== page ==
A new vision for large-scale, collaborative research focused on addressing today’s complex issues came into focus July 16 with a groundbreaking ceremony for the Interdisciplinary Science & Engineering Building.
Supported by a transformative $30 million gift from the Samueli Foundation, coupled with $50 million in state funds and $40 million in UCI funds, the innovative facility will be located near the Physical Sciences Lecture Hall, off East Peltason Drive and South Circle View Drive.
Slated to be one of the largest interdisciplinary research buildings west of the Rocky Mountains, it will bring together faculty, students and staff from UCI’s Henry Samueli School of Engineering, School of Physical Sciences and Donald Bren School of Information & Computer Sciences. They’ll be able to undertake transdisciplinary projects in line with two major themes: biomedicine for human health, and energy use and the environment.
“The overarching vision with this exciting facility is to provide spaces that foster the convergent integration of knowledge, tools, techniques and, most importantly, modes of thinking from faculty, students and staff across these disciplines,” said Pramod Khargonekar, vice chancellor of research at UCI. “Co-locating faculty and students from three schools in the same building is a major next step as we build on our rich tradition of interdisciplinary research.”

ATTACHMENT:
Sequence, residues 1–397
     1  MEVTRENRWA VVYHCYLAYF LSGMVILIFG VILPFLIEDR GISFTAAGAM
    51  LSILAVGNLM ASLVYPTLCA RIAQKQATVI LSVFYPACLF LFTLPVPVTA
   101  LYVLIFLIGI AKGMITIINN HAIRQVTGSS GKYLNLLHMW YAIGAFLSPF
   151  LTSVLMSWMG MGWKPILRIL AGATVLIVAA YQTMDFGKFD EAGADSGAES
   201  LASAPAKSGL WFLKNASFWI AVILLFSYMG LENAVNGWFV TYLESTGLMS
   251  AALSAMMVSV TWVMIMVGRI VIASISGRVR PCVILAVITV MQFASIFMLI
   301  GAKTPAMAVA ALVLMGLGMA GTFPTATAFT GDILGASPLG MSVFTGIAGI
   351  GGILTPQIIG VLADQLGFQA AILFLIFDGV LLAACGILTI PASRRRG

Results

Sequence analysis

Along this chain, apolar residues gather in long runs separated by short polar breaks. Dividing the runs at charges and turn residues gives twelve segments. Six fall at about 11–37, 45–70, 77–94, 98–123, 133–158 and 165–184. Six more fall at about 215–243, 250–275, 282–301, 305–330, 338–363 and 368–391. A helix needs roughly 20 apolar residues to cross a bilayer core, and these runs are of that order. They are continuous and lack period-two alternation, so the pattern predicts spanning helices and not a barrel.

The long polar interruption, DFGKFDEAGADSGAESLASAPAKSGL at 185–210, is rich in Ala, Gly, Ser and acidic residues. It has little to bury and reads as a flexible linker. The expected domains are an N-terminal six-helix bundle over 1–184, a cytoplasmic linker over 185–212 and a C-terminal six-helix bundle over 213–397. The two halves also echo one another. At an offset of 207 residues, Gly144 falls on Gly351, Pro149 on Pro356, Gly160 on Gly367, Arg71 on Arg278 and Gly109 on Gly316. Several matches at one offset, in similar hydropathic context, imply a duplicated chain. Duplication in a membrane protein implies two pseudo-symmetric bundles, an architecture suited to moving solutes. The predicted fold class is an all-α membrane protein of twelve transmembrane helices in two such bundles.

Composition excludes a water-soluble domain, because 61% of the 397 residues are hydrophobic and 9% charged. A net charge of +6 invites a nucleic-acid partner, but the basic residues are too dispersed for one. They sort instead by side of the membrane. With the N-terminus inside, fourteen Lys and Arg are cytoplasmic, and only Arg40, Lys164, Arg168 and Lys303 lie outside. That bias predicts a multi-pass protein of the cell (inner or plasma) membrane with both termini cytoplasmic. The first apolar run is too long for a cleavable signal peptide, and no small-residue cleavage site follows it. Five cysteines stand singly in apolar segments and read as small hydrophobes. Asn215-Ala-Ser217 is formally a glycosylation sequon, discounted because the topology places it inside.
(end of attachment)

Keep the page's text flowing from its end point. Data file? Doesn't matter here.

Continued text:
Construction of the $120 million edifice with 113,000 assignable square feet of room is scheduled to be completed by fall 2020. It will accommodate more than 50 faculty members – including high-profile new hires – and hundreds of students.
A commitment to finding solutions
The campus strategic plan focuses on “growth that makes a difference,” and this requires collaborative research across a multitude of disciplines, aligning with UCI’s fertile STEM ecosystem.
Besides expanding the scope of campus research and student education, the Interdisciplinary Science & Engineering Building will enhance UCI’s ability to find solutions to complex global and regional problems.
Potential ideas include developing chemical and material sensors to better diagnose and treat cancers; using big data, environmental engineering and organic chemistry to improve water supply or solar energy; testing driverless vehicles; and having cybersecurity coders and mathematicians collaborate on military or medical challenges.
The engineering school will oversee about half the space, the physical sciences school about a third, and the ICS school about a sixth – with graduate students from all three working together in laboratories, offices and meeting rooms.